PM Mitsotakis seeks second Greek elections
Greek Prime Minister Kyriakos Mitsotakis has decided to return the exploratory mandate he had received from President Katerina Sakellaropoulou to form a government following this weekend’s inconclusive elections.
Athens: Greek Prime Minister Kyriakos Mitsotakis has decided to return the exploratory mandate he had received from President Katerina Sakellaropoulou to form a government following this weekend’s inconclusive elections.
During their meeting, he called for a second ballot to be held as early as June 25 if possible, according to an e-mailed press statement on Monday.
In Sunday’s general elections, the ruling conservative New Democracy (ND) party scored a landslide victory winning 40.79 per cent of the votes and thus 146 seats in parliament. The main opposition party, SYRIZA-Progressive Alliance, garnered 20.7 per cent of the votes with 71 seats.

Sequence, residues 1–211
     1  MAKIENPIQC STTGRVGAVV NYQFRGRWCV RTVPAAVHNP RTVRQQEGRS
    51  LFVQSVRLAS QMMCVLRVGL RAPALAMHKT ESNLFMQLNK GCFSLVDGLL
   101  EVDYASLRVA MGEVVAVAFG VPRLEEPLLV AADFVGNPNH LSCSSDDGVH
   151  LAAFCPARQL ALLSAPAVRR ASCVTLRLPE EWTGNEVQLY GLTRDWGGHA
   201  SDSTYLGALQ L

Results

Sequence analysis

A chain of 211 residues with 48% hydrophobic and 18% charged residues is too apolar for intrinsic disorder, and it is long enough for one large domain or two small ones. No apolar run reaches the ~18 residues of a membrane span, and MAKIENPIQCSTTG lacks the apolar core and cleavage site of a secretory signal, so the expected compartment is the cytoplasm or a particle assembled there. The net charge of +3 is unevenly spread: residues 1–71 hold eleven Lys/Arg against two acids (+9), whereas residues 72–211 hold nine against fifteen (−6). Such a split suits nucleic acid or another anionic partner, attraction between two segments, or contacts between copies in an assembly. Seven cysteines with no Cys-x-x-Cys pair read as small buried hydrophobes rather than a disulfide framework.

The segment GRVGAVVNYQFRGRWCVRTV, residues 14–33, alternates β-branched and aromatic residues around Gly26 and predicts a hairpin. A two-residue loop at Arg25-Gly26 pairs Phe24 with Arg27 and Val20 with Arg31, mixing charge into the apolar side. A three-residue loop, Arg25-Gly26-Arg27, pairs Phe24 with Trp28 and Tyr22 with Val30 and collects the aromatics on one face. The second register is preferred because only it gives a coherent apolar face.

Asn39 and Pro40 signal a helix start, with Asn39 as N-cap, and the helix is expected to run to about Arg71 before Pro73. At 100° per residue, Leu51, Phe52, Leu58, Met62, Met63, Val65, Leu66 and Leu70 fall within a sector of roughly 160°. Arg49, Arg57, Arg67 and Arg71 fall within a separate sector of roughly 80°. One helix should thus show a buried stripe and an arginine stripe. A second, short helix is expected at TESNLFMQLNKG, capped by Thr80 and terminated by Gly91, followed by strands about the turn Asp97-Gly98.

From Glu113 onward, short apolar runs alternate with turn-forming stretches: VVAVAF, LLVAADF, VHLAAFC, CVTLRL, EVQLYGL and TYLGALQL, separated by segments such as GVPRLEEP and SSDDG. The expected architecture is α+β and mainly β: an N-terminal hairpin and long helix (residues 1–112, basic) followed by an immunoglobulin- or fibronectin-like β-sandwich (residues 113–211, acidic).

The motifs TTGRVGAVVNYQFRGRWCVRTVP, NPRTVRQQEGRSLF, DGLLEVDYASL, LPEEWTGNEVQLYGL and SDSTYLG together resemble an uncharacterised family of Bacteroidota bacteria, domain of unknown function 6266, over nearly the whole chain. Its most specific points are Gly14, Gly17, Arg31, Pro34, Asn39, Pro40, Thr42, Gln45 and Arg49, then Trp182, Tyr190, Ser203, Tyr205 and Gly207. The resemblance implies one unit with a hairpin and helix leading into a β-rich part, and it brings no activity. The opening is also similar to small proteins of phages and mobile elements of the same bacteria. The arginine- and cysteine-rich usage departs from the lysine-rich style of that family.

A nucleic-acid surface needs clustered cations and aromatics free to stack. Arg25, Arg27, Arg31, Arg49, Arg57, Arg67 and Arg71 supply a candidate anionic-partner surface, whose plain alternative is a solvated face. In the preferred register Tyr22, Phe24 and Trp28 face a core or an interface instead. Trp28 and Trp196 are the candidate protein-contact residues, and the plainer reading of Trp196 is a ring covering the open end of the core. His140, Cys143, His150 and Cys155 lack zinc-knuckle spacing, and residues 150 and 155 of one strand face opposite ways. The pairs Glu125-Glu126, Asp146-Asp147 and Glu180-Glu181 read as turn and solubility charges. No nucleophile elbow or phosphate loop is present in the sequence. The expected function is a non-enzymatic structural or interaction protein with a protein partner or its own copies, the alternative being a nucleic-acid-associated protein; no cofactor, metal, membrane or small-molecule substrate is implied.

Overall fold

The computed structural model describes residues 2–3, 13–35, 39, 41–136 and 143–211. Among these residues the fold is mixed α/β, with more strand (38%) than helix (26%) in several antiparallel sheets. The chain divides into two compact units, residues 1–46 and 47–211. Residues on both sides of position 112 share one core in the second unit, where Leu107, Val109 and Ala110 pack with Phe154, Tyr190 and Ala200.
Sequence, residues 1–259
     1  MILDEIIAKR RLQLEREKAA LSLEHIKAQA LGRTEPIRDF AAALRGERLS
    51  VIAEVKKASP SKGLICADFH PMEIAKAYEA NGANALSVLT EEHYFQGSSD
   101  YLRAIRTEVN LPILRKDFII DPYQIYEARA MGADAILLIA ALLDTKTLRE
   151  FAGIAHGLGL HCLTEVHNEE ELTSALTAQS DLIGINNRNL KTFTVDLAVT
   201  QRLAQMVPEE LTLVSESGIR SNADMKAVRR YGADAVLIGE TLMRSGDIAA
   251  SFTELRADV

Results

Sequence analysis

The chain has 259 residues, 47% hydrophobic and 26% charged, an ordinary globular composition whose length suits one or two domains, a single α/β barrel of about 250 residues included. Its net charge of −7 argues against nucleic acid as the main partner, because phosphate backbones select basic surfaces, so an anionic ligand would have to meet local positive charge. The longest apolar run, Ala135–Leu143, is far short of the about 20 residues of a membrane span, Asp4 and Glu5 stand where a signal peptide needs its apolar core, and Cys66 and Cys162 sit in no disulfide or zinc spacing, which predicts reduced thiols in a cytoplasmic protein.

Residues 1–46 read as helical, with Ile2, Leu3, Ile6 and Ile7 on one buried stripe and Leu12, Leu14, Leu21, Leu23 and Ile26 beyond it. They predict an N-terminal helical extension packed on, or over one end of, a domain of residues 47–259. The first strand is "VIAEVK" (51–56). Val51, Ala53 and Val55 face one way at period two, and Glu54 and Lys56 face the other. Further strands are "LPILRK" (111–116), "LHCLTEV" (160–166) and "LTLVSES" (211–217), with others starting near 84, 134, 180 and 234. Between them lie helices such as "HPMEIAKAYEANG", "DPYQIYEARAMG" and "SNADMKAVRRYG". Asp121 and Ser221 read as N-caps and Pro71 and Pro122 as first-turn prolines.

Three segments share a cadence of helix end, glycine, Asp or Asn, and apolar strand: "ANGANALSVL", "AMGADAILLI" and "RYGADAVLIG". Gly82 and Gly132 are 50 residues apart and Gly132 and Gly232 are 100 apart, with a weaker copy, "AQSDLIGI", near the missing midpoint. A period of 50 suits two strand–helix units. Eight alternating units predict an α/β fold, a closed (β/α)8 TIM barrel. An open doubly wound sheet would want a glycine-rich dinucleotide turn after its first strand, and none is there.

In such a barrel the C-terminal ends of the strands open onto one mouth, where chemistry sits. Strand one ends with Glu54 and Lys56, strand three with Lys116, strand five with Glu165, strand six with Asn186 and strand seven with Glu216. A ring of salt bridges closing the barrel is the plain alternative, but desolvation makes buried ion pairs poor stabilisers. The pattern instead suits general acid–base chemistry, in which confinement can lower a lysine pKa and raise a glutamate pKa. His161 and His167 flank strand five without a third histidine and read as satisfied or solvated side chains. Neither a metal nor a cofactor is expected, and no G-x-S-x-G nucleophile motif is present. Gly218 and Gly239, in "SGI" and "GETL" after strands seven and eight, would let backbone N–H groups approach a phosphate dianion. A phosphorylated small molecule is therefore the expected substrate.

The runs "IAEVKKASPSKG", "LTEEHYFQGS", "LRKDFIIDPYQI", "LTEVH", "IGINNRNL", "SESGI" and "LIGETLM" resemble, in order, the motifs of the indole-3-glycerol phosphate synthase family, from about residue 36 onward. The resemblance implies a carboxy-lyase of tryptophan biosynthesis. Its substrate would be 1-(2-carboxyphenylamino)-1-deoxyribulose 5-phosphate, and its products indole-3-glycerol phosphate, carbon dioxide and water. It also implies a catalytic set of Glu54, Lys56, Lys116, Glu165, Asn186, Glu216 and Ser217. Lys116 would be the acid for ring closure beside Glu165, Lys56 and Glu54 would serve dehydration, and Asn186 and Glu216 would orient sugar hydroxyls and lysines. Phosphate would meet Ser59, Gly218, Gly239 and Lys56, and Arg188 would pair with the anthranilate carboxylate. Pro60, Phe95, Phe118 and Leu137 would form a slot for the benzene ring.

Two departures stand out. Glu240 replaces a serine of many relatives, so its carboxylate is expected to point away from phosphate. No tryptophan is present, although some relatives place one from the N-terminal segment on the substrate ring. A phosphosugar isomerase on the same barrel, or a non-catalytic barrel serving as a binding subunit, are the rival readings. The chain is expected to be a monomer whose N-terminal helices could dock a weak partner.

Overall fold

However, the ND failed to secure an outright majority in the 300-member parliament, Xinhua news agency reported.
After the Speaker of parliament formally delivered the results to Sakellaropoulou, she launched the procedure foreseen by the country’s Constitution, granting the first three-day mandate to the leader of the winning party.
“I think that essentially the conditions for the formation of a government from the present parliament do not exist,” Mitsotakis told Sakellaropoulou.
Hours later, he called the President and told her that he wanted to return the mandate, according to a press statement.
Sakellaropoulou will now grant three-day mandate to the leaders of the second and third-placed parties, the SYRIZA-Progressive Alliance and the socialist PASOK-KINAL, which received 11.46 per cent of the votes with 41 seats.
She will receive SYRIZA-Progressive Alliance leader Alexis Tsipras on Tuesday, according to a press statement.
If the overall process proves unsuccessful, a caretaker government will lead Greece to new elections.
In the runoff elections, a revised electoral system will be used. This provides a bonus of up to 50 extra seats for the winning party, facilitating the formation of a single-party government.
The frontrunner could gain an absolute majority in parliament with about 38 per cent of the votes under this system, according to political analysts.